Swords to ploughshares
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Swords to ploughshares (or plowshares) is a concept in which military weapons or technologies are converted for peaceful civilian applications.
The phrase originates from the Book of Isaiah:
Many peoples shall come and say, "Come, let us go up to the mountain of the LORD, to the house of the God of Jacob; that he may teach us his ways and that we may walk in his paths." For out of Zion shall go forth instruction, and the word of the Lord from Jerusalem. He shall judge between the nations, and shall arbitrate for many peoples; they shall beat their swords into plowshares, and their spears into pruning hooks; nation shall not lift up sword against nation, neither shall they learn war any more. –
The ploughshare (Hebrew: אֵת ’êṯ, also translated coulter) is often used to symbolize creative tools that benefit humankind, as opposed to destructive tools of war, symbolized by the sword (Hebrew: חֶרֶב ḥereḇ), a similar sharp metal tool with an arguably opposite use.
In addition to the original Biblical Messianic intent, the expression "beat swords into ploughshares" has been used by disparate social and political groups.
An ongoing example as of 2013 is the dismantling of nuclear weapons and the use of their contents as fuel in civilian electric power stations, the Megatons to Megawatts Program. Nuclear fission development, originally accelerated for World War II weapons needs, has been applied to many civilian purposes since its use at Hiroshima and Nagasaki, including electricity and radiopharmaceutical production.
He shall judge between the nations, and shall arbitrate for many peoples; they shall beat their swords into plowshares, and their spears into pruning hooks; nation shall not lift up sword against nation, neither shall they learn war any more.
Beat your plowshares into swords, and your pruning hooks into spears; let the weakling say, “I am a warrior.”
He shall judge between many peoples, and shall arbitrate between strong nations far away; they shall beat their swords into plowshares, and their spears into pruning hooks; nation shall not lift up sword against nation, neither shall they learn war any more.
An expression of this concept can be seen in a bronze statue in the United Nations garden called Let Us Beat Swords into Plowshares, a gift from the Soviet Union sculpted by Evgeniy Vuchetich, representing the figure of a man hammering a sword into the shape of a ploughshare.
- After World War II, military surplus AFVs were sometimes converted into bulldozers, agricultural, and logging tractors, as seen in the American television series Axe Men. Two are currently preserved at the Swords and Ploughshares Museum in Canada. French farmers sometimes used modified versions of the obsolete FT-17 tank, and similar vehicles, based on the T-34 tank, remain in widespread use in the former USSR. A British agricultural engineer and collector of classic tractors, owns a Sherman tank that was adapted to plough Lincolnshire's fields in response to the shortage of crawler tractors.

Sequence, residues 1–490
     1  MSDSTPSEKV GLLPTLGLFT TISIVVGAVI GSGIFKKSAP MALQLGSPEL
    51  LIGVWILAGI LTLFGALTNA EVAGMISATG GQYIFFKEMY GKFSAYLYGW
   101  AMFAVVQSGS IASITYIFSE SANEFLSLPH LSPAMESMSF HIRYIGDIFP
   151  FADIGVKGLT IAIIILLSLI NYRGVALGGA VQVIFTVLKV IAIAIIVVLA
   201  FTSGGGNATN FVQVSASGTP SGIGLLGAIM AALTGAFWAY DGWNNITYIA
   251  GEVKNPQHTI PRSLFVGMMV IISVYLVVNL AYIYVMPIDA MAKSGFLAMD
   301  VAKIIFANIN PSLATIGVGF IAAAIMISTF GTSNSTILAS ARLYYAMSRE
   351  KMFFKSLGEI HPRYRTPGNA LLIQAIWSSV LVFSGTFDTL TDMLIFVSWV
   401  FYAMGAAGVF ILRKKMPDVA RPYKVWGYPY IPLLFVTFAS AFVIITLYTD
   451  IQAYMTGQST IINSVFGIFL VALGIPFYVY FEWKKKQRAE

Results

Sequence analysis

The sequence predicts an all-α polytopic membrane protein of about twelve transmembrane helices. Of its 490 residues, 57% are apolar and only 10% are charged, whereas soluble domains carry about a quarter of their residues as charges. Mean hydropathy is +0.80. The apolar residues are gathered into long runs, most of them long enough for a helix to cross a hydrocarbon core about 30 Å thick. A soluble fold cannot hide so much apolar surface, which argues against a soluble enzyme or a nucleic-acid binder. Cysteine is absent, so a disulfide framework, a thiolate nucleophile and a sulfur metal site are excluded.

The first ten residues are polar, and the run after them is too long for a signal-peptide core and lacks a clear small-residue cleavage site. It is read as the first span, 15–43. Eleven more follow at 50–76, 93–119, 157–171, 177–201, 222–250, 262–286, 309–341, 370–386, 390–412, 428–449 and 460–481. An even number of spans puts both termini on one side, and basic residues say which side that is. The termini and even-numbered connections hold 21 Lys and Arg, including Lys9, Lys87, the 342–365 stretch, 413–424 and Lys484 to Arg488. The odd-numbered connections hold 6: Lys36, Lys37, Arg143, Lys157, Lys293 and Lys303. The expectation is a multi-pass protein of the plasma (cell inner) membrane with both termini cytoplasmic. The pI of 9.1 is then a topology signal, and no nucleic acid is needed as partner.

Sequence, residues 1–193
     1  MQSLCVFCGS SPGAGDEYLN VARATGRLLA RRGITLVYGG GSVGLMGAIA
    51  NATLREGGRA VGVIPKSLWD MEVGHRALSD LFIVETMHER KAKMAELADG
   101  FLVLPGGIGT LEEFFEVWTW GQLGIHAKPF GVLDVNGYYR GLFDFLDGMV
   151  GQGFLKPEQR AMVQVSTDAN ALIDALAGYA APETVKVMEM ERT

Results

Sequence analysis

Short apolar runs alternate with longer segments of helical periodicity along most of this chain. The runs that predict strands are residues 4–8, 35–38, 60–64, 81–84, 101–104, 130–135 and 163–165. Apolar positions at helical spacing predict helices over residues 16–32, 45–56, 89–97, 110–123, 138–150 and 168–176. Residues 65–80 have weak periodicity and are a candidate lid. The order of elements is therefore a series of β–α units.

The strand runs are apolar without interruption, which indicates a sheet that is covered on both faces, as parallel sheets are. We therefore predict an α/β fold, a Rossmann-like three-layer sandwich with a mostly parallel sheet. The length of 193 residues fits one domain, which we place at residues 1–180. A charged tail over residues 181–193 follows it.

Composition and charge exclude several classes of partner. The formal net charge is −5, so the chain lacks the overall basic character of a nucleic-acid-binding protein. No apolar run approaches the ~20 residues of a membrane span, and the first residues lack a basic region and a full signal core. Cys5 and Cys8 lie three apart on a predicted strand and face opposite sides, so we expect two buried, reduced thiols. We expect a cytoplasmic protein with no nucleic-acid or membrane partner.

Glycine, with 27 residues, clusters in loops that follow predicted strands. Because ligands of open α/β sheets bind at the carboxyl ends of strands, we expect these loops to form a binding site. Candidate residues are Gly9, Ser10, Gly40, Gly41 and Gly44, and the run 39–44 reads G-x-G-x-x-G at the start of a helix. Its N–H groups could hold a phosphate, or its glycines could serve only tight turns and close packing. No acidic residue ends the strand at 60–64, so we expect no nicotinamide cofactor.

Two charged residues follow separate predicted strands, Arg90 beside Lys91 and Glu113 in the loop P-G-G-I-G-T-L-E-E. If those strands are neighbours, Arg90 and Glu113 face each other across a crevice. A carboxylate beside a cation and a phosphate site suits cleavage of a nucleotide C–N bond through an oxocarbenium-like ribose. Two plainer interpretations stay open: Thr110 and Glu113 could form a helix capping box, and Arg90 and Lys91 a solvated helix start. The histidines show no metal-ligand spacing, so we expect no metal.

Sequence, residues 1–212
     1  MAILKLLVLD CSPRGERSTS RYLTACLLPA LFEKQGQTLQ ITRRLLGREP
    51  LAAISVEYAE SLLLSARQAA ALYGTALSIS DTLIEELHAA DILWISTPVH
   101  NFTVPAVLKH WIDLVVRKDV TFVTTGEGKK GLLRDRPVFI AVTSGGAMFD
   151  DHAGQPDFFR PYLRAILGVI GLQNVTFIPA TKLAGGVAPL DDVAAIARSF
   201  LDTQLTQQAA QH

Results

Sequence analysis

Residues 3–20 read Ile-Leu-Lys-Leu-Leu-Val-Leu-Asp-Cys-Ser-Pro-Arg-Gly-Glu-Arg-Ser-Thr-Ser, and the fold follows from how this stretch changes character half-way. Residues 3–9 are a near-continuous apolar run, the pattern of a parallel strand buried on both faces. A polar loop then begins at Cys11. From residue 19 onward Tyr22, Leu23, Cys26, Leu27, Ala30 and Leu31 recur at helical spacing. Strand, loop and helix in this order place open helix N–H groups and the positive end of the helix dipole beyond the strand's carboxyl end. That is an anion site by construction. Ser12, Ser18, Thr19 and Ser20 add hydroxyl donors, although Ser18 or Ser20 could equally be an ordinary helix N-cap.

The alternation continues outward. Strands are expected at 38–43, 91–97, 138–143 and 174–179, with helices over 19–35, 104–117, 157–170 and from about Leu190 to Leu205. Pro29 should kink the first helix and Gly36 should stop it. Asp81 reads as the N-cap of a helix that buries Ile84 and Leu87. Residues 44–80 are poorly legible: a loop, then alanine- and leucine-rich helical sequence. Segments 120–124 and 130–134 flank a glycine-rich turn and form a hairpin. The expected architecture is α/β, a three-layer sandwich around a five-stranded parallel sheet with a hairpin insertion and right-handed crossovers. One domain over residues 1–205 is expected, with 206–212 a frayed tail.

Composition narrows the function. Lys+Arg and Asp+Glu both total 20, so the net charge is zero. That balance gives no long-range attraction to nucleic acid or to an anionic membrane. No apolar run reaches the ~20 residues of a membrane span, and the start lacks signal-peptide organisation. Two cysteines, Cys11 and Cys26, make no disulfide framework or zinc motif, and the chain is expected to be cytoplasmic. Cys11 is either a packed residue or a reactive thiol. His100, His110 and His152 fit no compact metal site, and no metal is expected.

- From the 1970s onwards, several anti-war musicians play guitars made from military surplus weapons. Jamaican reggae star Pete Tosh famously owned a Stratocaster built around an M-16 rifle. In the present day the Escopetarra, a guitar converted from the AK-47, is the signature instrument of César López, Souriya Sunshine and Sami Lopakka of the Finnish death metal band Sentenced.
- Nitrogen mustard, developed from the chemical weapon mustard gas developed in World War I, became the basis for the world's first chemotherapy drug, mustine, developed through the 1940s.
- Swedish aid organization IM Swedish Development Partner launched Humanium Metal, using metal from illegal handguns to create everyday objects. The first product announced was headphones by Yevo.
- The Global Positioning System was originally developed to enable more accurate strikes with long-range weapons by the United States, but its purpose was later expanded to include civilian applications such as personal navigation assistants.
- The Plowshares movement (British, Christian, founded by Daniel Berrigan), Trident Ploughshares (British) and Pitstop Ploughshares (US, Christian) are peace movements, inspired by the book of Isaiah, in which participants attempt to damage or destroy modern weapons, such as nuclear missiles.
- The Megatons to Megawatts Program, agreed to in 1993 by the United States and Russia, successfully converted 500 metric tonnes of fuel from Soviet-era nuclear warheads into fuel for nuclear power plants over a period of 20 years.
In political and popular culture
- The Starry Plough, a flag associated with revolutionary Irish republicanism and socialism, features a sword as the plowshare.
- Twelve-term US Congressman and three-time presidential candidate Ron Paul wrote a book entitled Swords into Plowshares: A Life in Wartime and a Future of Peace and Prosperity, in which he discusses growing up during World War II and living his life through war after war.